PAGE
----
In April 2015, in the effort to increase public engagement in policy making, the Regional Cooperation Council (RCC) announced a competition “Voice of the Region”, inviting citizens to take part and give their views through essay, video or photography on issues they face in everyday life. The competition was organized in 8 rounds on different topics, enriching the debate with an invited expert view on each of them.

As part of the long-term fruitful cooperation with SEEHN and the importance of recognizing health and well-being as contributor to the economic growth, one theme was dedicated to health, debating on whether compatible systems in the region mean better quality of life. Giving the opportunity for everyone to write articles and be part of the competition RCC opens doors for people to inform themselves and do some health research.

Dr Maria Ruseva, an international expert on public health and health systems together with Gergana Koleva an international public health consultant had written their expert view underlining the need of involving the non-health sectors and industries in the process of achieving the goal of every country which is ensuring a better quality of life for its citizens. They say this is necessary because of the explicit risks to health certain services and products carry – risks which often materialize as diseases and impose a health and economic burden on individuals and societies only years later when damages are harder to reverse than to have had prevented in the first place. Very important point of view is recognizing the need of investing in health which contributes to sustainable growth at the same time as it limits societal exposure to health risks through appropriate policies and actions. This is the reason why in Bulgaria, the Ministry of Health recently announced a plan to introduce a tax on foods with salt and sugar content above the allowed levels. The proposal follows similar public health taxes launched in Hungary in 2011 (known as the “chips tax”) and in Finland the same year (known as the “sweet tax”). It aims to signal to food manufacturers to shift to healthier product alternatives or face declining demand, and at the same time serves as a behavioral nudge to consumers to encourage better eating habits.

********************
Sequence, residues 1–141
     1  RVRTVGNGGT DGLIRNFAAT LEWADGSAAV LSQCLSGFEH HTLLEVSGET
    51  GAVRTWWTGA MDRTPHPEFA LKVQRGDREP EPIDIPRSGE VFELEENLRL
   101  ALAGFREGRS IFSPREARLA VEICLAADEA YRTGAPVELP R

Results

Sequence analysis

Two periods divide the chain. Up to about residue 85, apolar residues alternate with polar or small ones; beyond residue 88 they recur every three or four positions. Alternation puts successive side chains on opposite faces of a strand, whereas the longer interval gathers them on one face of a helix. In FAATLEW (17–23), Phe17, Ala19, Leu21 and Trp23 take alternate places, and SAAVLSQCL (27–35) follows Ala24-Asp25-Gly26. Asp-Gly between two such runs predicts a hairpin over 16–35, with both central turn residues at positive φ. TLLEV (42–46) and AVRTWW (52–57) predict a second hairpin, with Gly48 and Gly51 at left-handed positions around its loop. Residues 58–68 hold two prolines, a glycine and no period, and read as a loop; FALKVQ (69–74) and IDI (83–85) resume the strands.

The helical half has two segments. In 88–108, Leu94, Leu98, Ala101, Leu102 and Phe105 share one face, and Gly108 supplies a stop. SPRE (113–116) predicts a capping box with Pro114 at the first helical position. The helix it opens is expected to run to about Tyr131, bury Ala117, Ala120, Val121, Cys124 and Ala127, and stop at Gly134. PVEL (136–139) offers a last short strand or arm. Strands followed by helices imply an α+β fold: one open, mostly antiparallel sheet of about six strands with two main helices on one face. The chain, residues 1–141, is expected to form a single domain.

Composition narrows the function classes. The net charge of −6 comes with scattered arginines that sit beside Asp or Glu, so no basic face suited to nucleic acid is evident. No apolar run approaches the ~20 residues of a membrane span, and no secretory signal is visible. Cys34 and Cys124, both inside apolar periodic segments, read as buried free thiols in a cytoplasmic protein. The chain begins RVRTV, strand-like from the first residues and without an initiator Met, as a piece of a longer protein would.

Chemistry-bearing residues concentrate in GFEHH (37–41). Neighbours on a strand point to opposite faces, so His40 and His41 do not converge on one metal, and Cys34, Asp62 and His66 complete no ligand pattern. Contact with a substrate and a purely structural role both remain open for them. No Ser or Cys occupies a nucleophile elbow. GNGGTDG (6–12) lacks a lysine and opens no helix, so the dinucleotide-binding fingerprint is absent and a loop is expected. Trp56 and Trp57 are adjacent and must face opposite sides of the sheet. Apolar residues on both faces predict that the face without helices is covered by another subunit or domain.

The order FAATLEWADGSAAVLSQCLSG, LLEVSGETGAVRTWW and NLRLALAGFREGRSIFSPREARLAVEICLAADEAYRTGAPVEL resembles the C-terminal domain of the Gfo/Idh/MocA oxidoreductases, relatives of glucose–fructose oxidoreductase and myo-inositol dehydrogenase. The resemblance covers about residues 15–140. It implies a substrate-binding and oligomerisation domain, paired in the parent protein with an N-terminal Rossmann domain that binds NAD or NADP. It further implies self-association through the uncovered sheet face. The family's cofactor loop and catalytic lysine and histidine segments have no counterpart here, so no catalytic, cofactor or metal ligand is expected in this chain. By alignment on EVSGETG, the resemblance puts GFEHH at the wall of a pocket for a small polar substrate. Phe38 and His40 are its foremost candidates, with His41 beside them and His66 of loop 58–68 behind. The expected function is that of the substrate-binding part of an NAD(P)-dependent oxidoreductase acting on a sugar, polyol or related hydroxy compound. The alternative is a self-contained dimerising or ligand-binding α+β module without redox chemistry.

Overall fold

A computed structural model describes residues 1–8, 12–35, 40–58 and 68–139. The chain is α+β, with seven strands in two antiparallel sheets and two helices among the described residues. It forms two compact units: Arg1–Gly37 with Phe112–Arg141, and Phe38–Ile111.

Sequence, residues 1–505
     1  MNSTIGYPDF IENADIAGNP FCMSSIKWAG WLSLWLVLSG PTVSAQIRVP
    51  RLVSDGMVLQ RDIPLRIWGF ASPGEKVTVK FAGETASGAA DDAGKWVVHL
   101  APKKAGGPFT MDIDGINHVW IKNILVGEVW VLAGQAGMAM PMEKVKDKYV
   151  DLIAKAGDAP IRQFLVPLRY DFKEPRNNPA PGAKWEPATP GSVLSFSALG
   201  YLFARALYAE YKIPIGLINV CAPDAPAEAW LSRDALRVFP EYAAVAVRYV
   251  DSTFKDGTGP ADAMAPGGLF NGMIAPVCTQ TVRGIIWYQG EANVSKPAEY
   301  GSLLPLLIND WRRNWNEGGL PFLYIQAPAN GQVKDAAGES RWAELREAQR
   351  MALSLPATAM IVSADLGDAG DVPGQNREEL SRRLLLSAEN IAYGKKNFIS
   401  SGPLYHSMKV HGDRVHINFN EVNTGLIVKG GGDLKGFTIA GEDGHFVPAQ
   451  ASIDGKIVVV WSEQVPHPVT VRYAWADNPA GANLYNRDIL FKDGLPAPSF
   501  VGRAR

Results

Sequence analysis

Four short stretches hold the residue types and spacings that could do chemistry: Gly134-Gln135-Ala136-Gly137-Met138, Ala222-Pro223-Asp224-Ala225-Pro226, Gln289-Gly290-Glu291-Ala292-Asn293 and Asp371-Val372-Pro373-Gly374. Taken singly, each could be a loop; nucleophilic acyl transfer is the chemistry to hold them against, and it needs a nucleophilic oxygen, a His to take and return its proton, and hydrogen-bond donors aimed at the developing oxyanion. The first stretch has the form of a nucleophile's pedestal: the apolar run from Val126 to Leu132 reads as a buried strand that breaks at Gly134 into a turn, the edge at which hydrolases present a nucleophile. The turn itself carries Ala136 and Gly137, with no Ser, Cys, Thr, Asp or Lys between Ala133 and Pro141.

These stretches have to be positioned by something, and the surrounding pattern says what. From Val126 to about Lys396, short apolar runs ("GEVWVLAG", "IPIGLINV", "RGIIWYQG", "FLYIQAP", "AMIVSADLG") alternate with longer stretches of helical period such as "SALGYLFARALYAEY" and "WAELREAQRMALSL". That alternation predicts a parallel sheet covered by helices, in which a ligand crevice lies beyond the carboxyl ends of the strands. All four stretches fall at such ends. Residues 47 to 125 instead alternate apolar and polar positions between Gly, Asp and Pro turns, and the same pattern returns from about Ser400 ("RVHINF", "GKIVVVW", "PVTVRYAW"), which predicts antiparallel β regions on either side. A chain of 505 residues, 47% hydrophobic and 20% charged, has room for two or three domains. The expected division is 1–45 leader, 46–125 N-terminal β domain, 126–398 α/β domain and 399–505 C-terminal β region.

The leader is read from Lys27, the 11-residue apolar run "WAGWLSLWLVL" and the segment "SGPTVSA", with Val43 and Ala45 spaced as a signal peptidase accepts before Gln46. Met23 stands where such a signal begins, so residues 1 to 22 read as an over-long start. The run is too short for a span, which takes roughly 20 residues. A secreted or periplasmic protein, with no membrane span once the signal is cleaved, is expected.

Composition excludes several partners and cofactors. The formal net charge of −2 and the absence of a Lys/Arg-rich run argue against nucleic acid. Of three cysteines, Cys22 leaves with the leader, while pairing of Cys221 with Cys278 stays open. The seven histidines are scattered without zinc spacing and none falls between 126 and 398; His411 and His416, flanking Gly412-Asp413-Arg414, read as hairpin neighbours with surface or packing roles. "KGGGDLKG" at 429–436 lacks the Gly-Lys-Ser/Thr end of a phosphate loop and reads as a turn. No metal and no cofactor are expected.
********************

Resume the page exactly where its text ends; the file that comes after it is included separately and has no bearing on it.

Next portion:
Vladan Racic’s essay “Nothing but health…” was chosen as winner of the round 8 of the Voice of the Region Competition. His winning arguments emphasize that neither money, education or power would matter without health, and thus prevention is very important: “There is an old adage “value your health now before it’s too late””. Being the voice of the region for health, Vladan wrote that it is necessary that those in power realize that health is the most important factor of a society.

 

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